In my role as ActivePipe’s Creative/Design Director, I’ve always got my antennae finely tuned to the going-ons of the creative world. As mediums and technologies continue to evolve at lightning speed, it means there’s always something to talk about when my peers get together to bounce around ideas and muse on the future.
Through my work at ActivePipe, I’ve been lucky to cross paths with Sean Birk. Sean is the Creative Director: Digital and Integrated at award-winning creative agency, Fenton Stephens. His knack for producing innovative ideas that cut through the clutter have made him a much sought after leader in the industry and the recipient of many international awards including London International, New York Festival & Cannes. It’s this ability to see around corners that makes Sean the perfect brain to pick in my quest to find out what’s coming up in the world of creative technology.
We caught up to chat about how technology is changing the way we work and think.
Tech is everywhere
Unless you’re reading this in an isolated log cabin high in the mountains, you’re already aware of the importance of technology in your everyday life. Tech is now part of virtually every aspect of modern commerce, culture and communication. But it’s so ubiquitous that you may not have considered the radical ways in which it is changing the way you work, create and even think.
Your memory is getting better … and worse.
Since the advent of Google and the smartphone, you’ve had a flawless memory for information, video and more – right at your fingertips. Which means a good short-term memory is something you’ve needed less and less. And what you don’t use, you lose.
This negative effect on the brain is a new and worrying trend. Young people who’ve been raised in the digital age are already showing signs of short-term memory dysfunction as a result of their addiction to technology.
It’s known as digital dementia, and as we become more and more tied to our devices, it has the potential to become a real challenge to the way we think interact and take care of ourselves.
Your voice is becoming your fingerprint
It has been predicted that, in the next two years, 82% of devices will have native voice recognition capability. Which basically means you’ll soon be controlling the majority of your digital interactions with your voice.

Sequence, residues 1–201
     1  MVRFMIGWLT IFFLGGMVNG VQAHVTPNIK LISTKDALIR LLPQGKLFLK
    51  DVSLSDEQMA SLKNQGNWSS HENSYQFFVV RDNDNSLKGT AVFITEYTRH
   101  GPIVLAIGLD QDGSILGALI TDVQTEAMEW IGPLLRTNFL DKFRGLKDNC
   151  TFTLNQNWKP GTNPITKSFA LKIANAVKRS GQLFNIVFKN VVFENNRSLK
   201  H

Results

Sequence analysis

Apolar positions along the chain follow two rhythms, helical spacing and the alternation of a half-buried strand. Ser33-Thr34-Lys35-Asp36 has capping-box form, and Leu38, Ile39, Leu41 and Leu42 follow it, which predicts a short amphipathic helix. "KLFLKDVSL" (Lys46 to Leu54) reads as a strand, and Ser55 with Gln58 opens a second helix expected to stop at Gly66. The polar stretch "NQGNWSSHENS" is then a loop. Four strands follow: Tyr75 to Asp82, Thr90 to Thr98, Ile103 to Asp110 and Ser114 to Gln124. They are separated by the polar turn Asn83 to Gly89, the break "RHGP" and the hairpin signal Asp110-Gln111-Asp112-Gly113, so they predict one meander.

Your voice will also become your primary identifier for online security. Does this mean you’ll be locked out of your email, social and banking apps when you have a cold? Time will tell. But voice control will also mean efficiencies in ways we might not expect – from automated customer service calls to new ways to complete everyday tasks.
You’re turning into a cyborg
A further development of our ongoing connection to our digital devices and networked systems is high- bandwidth brain-machine interfaces. What? Basically, it’s a way to connect your brain directly to a computer.
Yes, this brain implant technology isn’t science-fiction. Neuralink, a company already working on a way to seamlessly combine your digital and biological self, says they will soon launch a product that will give us a shot at becoming “symbiotic” with artificial intelligence.
You’re becoming more creative
You may not become an artist overnight, but at the very least, you’re going to have more creative tools at your disposal.
Artificial Intelligence and deep machine learning have already resulted in computers that can edit films, write pop songs and create renaissance paintings autonomously. As we become more connected, we’ll be able to harness that power and augment it with our own problem-solving skills. How? Well, that’s yet to be fully understood.
But technology’s ability to proactively handle mundane daily tasks will certainly leave us more time and headspace to think, create and do business.
That should be a change we all welcome.